Between The Lines: Robert McChesney tell us a little bit about the agenda for Free Press and the reform movement nationwide this coming year -- and some of the challenges ahead in terms of reform.

Robert McChesney: Free Press is a group I started with John Nichols and Josh Silver two or three years ago, it's based up in Northampton, Massachusetts. Free Press is formed on a very simple premise, that our media system is not a free market system, it has nothing to do with free markets. All the big companies get government subsidies and monopoly grants and all sorts of privileges that create the system.

The problem we face is that our media system is set up with these policies and subsidies corruptly behind closed doors by powerful special interests and that laws and subsidies are made in the public's name, but the public knows nothing about them. So the point of Free Press is to get informed public participation on these fundamental media policy issues across the board: media ownership; public broadcasting; copyright, Internet access; commercialism in schools; commercialism in our culture. Because we believe the more informed public participation there is, the better the policies will be and the less likely they will be to just serve the big guys who are behind the doors in those smoke-filled rooms.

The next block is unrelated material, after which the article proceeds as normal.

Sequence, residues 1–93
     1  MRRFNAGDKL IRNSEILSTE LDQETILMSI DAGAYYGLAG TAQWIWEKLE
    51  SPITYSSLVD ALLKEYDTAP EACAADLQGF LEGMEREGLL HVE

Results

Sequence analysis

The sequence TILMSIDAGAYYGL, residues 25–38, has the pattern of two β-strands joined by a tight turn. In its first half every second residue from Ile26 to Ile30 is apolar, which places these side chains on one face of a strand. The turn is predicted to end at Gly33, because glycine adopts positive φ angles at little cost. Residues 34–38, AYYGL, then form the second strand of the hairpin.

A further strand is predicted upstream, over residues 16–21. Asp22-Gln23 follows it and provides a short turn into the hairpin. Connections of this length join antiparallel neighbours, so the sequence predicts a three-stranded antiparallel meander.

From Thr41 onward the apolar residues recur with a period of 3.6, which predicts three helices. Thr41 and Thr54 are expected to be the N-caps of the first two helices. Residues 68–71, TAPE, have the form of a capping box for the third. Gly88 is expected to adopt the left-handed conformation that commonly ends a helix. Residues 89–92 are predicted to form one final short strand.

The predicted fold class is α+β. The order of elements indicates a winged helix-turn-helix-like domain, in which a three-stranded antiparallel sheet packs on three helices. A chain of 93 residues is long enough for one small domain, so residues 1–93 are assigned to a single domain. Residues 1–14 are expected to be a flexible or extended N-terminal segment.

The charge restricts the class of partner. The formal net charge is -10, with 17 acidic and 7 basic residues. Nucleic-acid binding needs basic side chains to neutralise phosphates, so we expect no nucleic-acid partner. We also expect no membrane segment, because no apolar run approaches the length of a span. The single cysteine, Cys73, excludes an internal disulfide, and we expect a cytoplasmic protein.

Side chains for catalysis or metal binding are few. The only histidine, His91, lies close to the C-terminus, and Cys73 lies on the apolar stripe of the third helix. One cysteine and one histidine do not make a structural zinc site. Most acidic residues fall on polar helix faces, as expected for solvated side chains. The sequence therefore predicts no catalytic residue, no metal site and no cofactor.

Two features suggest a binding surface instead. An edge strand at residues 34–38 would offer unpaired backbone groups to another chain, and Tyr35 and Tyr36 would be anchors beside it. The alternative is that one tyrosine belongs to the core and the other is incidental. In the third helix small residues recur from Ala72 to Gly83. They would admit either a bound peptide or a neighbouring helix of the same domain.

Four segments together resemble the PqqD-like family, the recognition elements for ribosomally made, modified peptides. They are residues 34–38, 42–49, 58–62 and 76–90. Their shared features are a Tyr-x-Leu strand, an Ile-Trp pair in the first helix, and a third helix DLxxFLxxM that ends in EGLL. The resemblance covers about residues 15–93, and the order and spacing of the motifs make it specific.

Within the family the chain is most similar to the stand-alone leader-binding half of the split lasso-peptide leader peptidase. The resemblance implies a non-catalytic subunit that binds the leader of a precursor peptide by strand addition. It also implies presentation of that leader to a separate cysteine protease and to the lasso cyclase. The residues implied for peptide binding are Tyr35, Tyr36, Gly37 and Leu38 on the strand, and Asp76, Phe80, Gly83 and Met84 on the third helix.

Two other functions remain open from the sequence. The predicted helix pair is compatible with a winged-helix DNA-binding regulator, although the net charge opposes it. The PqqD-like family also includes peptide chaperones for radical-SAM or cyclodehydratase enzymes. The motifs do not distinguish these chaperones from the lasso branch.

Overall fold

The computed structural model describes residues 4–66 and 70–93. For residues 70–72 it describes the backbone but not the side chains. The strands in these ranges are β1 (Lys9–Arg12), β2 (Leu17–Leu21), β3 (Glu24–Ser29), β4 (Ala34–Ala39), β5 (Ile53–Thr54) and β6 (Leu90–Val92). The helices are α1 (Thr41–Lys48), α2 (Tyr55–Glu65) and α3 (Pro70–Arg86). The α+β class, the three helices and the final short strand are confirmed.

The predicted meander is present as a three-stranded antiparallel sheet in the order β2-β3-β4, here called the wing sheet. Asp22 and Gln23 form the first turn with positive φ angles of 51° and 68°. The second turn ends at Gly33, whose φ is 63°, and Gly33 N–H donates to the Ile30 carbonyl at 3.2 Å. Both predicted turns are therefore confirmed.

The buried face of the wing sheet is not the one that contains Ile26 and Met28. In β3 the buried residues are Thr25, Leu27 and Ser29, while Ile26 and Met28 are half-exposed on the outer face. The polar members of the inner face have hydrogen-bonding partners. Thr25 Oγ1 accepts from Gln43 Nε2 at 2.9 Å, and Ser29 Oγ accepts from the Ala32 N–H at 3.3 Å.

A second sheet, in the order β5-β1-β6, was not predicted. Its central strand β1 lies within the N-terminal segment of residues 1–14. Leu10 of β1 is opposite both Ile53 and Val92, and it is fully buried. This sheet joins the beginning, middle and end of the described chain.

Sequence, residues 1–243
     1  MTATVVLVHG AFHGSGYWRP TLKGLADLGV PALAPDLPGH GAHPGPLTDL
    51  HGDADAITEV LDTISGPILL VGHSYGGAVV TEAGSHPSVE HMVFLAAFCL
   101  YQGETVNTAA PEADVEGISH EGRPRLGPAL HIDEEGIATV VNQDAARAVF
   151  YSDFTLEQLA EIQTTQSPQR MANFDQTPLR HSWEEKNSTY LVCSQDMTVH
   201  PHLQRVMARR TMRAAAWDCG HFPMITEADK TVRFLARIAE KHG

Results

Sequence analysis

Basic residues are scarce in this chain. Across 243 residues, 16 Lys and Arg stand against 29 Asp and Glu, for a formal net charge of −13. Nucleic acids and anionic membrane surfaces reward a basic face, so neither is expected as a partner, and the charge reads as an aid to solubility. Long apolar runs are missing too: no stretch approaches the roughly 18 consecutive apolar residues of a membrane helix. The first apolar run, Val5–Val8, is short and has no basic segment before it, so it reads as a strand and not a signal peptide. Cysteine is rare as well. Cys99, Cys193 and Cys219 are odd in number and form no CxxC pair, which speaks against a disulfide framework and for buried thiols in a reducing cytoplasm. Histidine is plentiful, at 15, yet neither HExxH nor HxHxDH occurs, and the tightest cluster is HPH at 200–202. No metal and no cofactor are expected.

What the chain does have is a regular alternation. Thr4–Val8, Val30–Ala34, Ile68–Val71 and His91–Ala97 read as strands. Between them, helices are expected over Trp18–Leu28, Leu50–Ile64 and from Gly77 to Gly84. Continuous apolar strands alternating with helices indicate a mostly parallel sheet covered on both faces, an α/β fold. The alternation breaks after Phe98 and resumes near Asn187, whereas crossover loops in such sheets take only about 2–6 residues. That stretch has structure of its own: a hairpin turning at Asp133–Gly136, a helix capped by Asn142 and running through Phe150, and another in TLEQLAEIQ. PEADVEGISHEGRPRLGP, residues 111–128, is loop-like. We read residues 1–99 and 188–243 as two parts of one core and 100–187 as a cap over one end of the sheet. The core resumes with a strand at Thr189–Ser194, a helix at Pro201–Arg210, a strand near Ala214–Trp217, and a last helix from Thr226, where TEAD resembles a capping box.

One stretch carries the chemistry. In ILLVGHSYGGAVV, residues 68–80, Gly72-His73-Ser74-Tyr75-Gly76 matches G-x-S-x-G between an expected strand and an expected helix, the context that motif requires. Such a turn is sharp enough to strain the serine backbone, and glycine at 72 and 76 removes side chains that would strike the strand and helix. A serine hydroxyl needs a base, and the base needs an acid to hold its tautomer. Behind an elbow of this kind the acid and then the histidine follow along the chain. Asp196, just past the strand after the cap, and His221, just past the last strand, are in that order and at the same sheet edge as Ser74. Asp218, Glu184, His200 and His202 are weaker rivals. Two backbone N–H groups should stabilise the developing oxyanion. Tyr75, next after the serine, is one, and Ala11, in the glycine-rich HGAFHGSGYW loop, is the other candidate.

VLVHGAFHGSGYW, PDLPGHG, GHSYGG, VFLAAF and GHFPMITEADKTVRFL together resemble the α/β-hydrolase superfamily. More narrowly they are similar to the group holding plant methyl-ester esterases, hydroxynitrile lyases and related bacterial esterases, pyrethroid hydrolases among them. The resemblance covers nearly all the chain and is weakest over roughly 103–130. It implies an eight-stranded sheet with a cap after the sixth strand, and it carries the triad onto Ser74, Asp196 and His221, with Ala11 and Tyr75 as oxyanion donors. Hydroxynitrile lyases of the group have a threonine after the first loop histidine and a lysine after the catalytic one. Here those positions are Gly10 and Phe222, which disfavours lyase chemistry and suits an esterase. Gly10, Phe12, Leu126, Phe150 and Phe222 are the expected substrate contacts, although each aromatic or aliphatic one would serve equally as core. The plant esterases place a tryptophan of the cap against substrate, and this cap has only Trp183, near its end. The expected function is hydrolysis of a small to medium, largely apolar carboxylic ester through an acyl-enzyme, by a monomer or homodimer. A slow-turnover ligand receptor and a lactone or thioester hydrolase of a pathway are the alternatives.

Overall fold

We're having our second national conference in St. Louis, May 13-15, 2005.There will be 2,000 or 3,000 people there. Our first conference was off the charts in terms of enthusiasm -- and this conference is going to make Woodstock look like a funeral.

If people can get there I'd urge them to. But even if you can't, you can follow it and follow this movement and plug into this movement by going to

Visit Free Press' website at

Professor McChesney is an editor of the forthcoming book, "The Future of Media, Resistance and Reform in the 21st Century," published by Seven Stories Press.

Related links on our website at


Scott Harris is executive producer of Between The Lines, which can be heard on more than 35 radio stations and in RealAudio and MP3 on our website at This interview excerpt was featured on the award-winning, syndicated weekly radio newsmagazine, Between The Lines for the week ending May 6, 2005. This Between The Lines Q&A was compiled by Scott Harris and Anna Manzo.



It's your future ... help make a difference against the corporate media's blackout of news and viewpoints like those in the interview above by helping us distribute to a wider audience in 2005! Please send your donation to:

Squeaky Wheel Productions, Inc. P.O. Box 110176 Trumbull, CT 06611

*** Please note: If you would like your donation to be tax-deductible, please make your check out to our fiscal sponsor, The Center for Global Communications Foundation Inc. (or The Global Center) and send to the above address.***